On Edinburgh

Although Edinburgh’s human roots date back to 8000 BC, the city along the Firth of Forth became chartered in 1125. Today, it is Scotland’s political, cultural, and commercial hub. We journeyed into Edinburgh twice – first on a bus trip from Greenock (on the west coast) for the Royal Edinburgh Military Tattoo (previous post) – then several days later after our ship set anchor in nearby South Queensferry for encountering more of this Scottish jewel.

To me, Edinburgh was the most captivating of the cities we visited on this trip. The grand old stone buildings, the charm of Old Town, the Georgian and Victorian architecture of New Town, and being a city bustling with activity; – let alone the highly visible Edinburgh Castle sitting high on a hill above it all.

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With 5 major festivals in progress during August, the streets were not quiet – plus two cruise ships in town. I wonder how many of the people we saw were Edinburghers? But cheers to the many street performers!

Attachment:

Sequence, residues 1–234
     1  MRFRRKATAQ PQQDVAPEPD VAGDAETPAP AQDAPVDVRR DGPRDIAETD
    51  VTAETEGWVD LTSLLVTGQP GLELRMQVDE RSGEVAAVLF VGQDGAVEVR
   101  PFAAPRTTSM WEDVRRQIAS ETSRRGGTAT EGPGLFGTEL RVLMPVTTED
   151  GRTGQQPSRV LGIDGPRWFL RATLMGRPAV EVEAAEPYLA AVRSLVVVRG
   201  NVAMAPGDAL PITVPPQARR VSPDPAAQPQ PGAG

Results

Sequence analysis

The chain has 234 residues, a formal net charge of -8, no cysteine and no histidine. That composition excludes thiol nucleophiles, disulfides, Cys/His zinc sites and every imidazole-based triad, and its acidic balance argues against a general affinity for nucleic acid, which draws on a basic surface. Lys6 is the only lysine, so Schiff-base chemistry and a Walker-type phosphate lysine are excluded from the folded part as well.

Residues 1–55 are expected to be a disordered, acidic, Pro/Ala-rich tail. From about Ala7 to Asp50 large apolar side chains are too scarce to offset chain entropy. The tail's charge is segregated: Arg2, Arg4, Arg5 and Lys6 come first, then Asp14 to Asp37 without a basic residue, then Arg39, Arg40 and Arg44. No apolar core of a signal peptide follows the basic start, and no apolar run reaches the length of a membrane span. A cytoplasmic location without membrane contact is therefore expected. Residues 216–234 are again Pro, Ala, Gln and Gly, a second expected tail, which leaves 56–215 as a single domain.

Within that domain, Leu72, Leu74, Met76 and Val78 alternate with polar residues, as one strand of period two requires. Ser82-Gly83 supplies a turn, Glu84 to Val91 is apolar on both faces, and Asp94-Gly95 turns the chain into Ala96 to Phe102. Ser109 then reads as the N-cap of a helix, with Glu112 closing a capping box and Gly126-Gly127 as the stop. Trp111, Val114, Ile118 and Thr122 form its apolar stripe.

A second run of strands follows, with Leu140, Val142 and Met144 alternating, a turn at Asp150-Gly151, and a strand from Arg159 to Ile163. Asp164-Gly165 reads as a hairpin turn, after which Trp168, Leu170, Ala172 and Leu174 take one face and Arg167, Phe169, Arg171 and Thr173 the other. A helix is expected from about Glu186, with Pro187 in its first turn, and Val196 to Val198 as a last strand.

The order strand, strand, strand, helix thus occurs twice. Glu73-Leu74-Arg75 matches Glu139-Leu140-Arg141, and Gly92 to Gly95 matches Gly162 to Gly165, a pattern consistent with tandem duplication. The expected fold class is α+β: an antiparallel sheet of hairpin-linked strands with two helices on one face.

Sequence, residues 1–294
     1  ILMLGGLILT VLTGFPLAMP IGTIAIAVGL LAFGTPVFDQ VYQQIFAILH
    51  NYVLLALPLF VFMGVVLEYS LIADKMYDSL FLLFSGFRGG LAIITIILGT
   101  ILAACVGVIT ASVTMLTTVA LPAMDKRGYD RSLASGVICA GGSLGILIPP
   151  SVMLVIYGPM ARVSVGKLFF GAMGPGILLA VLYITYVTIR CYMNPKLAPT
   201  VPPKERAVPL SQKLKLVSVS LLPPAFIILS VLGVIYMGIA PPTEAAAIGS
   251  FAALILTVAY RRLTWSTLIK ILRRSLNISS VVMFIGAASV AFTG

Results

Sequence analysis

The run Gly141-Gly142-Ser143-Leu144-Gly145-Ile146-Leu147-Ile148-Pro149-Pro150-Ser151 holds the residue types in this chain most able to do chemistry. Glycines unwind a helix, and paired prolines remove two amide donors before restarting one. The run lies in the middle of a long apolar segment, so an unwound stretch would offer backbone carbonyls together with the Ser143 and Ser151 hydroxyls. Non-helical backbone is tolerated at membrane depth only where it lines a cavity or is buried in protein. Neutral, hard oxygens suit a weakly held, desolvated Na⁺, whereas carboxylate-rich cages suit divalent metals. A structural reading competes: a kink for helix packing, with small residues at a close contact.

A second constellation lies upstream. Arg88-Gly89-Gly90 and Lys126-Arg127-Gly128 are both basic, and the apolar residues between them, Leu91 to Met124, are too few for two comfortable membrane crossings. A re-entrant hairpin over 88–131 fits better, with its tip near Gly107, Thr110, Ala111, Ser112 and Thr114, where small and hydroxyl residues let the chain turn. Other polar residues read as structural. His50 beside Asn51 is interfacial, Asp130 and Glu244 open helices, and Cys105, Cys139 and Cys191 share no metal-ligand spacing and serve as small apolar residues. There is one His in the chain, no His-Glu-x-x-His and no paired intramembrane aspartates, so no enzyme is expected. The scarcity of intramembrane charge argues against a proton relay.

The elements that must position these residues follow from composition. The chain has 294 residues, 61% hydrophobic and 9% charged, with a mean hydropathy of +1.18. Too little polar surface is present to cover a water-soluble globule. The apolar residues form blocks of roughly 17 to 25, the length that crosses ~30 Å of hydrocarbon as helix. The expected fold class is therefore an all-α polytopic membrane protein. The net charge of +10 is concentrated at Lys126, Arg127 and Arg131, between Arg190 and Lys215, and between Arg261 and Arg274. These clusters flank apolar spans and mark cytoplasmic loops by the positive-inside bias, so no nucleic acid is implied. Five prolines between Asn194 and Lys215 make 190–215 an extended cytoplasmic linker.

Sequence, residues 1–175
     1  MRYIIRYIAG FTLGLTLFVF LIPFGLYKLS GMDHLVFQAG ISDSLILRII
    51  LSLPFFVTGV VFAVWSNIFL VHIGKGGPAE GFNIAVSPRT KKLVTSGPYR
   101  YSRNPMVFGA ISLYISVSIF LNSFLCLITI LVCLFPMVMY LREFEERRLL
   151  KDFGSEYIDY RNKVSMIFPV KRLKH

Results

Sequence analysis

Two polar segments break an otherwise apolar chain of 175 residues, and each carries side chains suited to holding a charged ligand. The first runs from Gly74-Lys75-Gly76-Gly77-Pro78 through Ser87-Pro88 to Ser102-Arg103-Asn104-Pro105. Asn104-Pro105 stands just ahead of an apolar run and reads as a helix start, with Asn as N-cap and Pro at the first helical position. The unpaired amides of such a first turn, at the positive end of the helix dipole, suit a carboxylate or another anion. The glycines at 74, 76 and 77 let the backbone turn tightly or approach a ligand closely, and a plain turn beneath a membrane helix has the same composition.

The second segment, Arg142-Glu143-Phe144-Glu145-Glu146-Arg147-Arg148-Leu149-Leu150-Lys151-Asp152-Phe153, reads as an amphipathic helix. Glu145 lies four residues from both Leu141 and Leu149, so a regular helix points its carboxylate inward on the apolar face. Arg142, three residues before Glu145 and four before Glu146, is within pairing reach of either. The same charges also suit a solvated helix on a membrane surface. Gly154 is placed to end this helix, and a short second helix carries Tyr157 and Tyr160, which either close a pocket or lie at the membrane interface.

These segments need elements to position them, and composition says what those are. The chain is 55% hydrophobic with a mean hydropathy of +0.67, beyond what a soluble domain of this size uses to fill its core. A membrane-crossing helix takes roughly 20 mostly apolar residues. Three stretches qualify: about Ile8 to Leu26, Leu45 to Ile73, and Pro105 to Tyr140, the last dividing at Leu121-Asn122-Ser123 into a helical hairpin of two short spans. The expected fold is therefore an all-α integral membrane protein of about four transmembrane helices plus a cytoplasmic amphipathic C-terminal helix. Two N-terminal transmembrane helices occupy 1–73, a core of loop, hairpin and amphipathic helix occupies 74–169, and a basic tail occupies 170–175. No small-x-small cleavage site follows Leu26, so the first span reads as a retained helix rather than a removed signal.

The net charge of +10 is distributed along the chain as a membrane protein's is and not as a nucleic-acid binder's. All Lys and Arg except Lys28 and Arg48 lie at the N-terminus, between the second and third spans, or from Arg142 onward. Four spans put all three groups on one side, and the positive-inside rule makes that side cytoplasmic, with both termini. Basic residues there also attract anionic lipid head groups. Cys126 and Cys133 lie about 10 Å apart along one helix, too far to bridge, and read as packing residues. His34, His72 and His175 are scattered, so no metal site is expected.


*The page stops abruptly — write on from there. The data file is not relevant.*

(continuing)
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The Royal Mile (High Street) is Old Town’s main street. It’s loaded not only physical charm, it’s a vibrant area filled with shops, eateries, and establishments featuring adult beverages. Taking the long walk up the hill from our bus to the castle was a great introduction into Edinburgh. The feast continues by wondering nearby streets.

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As usual, our fee touched Edinburgh’s pavement many times on this day. This city is a visual feast – let alone filled with history. Greyfriars Bobby is an interesting story – a dog who faithfully stayed at his master’s grave for 14 years. Various people took care of Bobby during this time, and yes – he is buried a short distance from his master.

We loved Edinburgh and would like to return during a less-crazy time. We missed going into Edinburgh Castle because we chose to forego the long lines. Atop Calton Hill provides outstanding 360-views of the city, but I’ve shown enough pictures in this post. Besides the video shows it. Enjoy this 2-minute drone video tour giving you a taste of this fabulous city.

For those wanting to see more of Edinburgh, click here for a longer tour.

Next stop: Normandy France

For other posts about our time in the British Isles, click here.

On the Proud One